TnE Protestants on the Continent of Europe were divided, in less tlian a quarter of a century after the Reformation began, into two great divisions, known by the names of the Lutherans and the Reformed. Each existed by the side of the other, in the various nations where the Reformation extended, and each represented a particular aspect of doctrine. The Reformed Church had its origin in Switzerland, under Zwingle, and was more fully developed by Calvin. It extended into the Palatinate, France, (where it soon reached the number of two thousand congregations,) Holland, various parts of Ger- man)^, Poland, Bohemia, and even appeared in Spain and Italy. Persecu- tions soon extirpated it in France, its adherents being either killed or driven into exile. The dissenting elements in England which had abolished the Episcopate, and the Presbyterian Church in Scotland, corresponded entire- ly to the Reformed Church of the continent. The reformed theology has been prolific in systems of varied type, and in a rich symbolical literature. In the freest and most advancing nations, it has ever had the strongest hold those nations which are leading the van in the general progress of mankind. Most of the sects of modern times have sprung into being from its impulse, or in opposition to it. The system has a practical and reforma- tory vigor, springing partly from its polity, and partly from its general spirit. The Lutheran division of the Evangelical Catholic Church has been comparatively stationary, while the Reformed division has been noted for its practical energy. Its Presbyterian and Synodal constitution, or the pure Congregationalism of certain portions, has given it much of its vitality.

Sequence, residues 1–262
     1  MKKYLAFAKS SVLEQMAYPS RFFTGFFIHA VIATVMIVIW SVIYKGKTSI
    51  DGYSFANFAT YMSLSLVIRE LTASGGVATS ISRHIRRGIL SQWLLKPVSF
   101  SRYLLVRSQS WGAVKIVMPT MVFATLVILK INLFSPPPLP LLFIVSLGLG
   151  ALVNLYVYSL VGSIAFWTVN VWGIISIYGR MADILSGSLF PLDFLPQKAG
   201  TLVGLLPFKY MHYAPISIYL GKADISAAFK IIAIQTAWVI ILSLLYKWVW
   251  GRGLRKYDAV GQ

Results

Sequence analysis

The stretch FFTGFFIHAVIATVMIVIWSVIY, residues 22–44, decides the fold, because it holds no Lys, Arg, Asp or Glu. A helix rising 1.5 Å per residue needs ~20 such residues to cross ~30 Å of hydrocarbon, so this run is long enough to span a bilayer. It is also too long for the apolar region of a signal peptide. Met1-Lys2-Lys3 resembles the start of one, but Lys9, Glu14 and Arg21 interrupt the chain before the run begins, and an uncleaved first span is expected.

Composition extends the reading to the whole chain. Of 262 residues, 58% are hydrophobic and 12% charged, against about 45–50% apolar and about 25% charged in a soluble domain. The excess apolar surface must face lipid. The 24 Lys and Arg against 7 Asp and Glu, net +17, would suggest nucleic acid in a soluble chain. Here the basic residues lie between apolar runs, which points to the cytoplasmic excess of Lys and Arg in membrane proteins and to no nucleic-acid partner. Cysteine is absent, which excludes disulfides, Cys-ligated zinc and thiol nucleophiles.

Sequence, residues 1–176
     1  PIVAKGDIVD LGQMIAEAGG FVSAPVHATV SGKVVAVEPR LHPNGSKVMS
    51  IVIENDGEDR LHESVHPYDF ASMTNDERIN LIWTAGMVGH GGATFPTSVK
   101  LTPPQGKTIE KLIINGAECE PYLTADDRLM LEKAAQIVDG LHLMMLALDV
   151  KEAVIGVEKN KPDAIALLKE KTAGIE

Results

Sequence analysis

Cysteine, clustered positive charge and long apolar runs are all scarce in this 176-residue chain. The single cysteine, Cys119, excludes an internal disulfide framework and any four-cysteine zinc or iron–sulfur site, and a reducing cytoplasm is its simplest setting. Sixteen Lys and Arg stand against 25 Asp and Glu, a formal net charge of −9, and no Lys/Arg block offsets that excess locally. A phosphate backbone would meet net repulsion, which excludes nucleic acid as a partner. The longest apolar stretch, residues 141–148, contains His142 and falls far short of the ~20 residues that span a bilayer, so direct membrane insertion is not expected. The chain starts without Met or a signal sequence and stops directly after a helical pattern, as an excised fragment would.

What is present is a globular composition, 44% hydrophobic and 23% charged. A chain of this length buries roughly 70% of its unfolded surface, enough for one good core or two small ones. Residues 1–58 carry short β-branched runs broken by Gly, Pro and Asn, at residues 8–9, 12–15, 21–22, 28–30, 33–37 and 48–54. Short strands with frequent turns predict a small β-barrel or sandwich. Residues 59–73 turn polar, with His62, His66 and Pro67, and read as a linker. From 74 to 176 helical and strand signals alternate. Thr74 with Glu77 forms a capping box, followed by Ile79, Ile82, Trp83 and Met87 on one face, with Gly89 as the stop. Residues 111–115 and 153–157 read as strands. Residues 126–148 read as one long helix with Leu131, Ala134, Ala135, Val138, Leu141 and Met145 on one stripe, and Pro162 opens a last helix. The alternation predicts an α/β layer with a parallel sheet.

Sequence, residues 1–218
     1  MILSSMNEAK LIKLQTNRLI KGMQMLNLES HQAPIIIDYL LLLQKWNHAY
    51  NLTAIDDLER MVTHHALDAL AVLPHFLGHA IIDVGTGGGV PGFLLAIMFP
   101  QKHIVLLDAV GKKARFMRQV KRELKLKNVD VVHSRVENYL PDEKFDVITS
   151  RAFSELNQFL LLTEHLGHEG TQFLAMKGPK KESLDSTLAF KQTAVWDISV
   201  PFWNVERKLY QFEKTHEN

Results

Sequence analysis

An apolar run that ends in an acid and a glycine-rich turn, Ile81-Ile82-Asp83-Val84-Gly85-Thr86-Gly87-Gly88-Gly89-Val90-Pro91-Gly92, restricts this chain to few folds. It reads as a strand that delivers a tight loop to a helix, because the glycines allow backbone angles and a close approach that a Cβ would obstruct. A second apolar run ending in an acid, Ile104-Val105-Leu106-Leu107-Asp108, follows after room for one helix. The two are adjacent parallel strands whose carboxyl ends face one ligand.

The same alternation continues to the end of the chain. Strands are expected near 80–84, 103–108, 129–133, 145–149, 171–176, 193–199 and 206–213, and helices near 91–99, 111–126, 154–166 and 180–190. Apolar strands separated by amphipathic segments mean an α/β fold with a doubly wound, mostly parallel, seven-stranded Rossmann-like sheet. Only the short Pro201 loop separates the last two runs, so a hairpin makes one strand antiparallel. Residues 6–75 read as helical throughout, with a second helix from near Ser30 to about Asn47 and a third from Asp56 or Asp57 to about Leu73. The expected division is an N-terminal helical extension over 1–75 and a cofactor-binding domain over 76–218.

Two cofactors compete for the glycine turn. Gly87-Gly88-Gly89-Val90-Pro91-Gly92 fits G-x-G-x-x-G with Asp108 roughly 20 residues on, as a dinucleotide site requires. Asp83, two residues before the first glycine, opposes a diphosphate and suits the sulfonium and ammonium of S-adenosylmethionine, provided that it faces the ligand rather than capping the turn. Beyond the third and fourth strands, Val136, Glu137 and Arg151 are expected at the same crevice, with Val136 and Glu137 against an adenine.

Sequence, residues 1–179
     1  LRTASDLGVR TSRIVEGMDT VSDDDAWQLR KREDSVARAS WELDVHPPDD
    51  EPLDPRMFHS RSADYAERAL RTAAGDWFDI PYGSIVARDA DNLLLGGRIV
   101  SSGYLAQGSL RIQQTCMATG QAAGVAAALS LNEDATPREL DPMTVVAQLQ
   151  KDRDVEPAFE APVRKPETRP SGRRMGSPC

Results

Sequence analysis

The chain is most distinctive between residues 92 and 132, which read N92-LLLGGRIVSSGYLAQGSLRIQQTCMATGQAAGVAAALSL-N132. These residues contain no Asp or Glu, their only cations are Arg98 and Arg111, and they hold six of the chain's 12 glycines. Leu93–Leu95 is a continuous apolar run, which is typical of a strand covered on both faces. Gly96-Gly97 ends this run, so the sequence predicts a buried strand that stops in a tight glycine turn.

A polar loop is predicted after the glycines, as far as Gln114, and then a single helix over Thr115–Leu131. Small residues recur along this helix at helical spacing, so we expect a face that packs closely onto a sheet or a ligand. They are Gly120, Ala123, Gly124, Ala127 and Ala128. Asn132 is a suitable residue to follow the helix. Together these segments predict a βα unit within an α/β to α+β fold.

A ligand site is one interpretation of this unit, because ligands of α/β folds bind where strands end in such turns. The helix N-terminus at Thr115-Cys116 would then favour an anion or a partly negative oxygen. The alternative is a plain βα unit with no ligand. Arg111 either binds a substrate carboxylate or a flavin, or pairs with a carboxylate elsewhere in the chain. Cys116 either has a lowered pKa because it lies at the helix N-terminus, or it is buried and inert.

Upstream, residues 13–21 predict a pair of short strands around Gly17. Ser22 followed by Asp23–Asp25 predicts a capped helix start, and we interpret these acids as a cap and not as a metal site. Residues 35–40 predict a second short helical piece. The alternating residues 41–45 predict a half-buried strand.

Many adherents of this faith, led by various causes, emigrated to Ameri- ca. Those from Great Britain have been generally distinguished by names derived from their forms of church government; while those from the con- tinent, maintaining the general epithet of Reformed, have, on account of the different nationalities from which they sprung, and out of love to their fatherlands, retained patrial adjectives to designate their origins. But these various national distinctions have become comparatively meaningless in the general Americanization, and, to a great extent, intermixture of the Reformed Churches from the continent. The French Reformed the noble Huguenots have been absorbed by other branches which flourished around them. Scores of their family names now appear connected with the Reformed branch from Holland; while the Hollandish, the Swiss, the German, and other emigrants, from the earliest times to the present, have attached them- selves to the German or Dutch branch of the Reformed Church, or to some of the Presbyterian bodies, as location and circumstances determined. Up to the revolution, or even later, the German churches, mostly from the Pa- latinate on the Upper Rhine, placed themselves under the care of the Sy- nods of Holland, because the churches from which they sprung were " un- der the cross." Indeed, it may be truly said that all the elements of the Reformed Church from the continent, were under the ecclesiastical care of the church in Holland. French, and German, and Swiss, as well as Dutch, from all parts of the New World, turned to Amsterdam for men and money. The Westminster and the Heidelberg Catechisms are respectively the sym- bols of faith of the British and the Continental branches. These mutual- ly supplement each other, being composed, the one from a philosophical, and the other from an experimental stand-point.* In doctrine they are sub- stantially identical.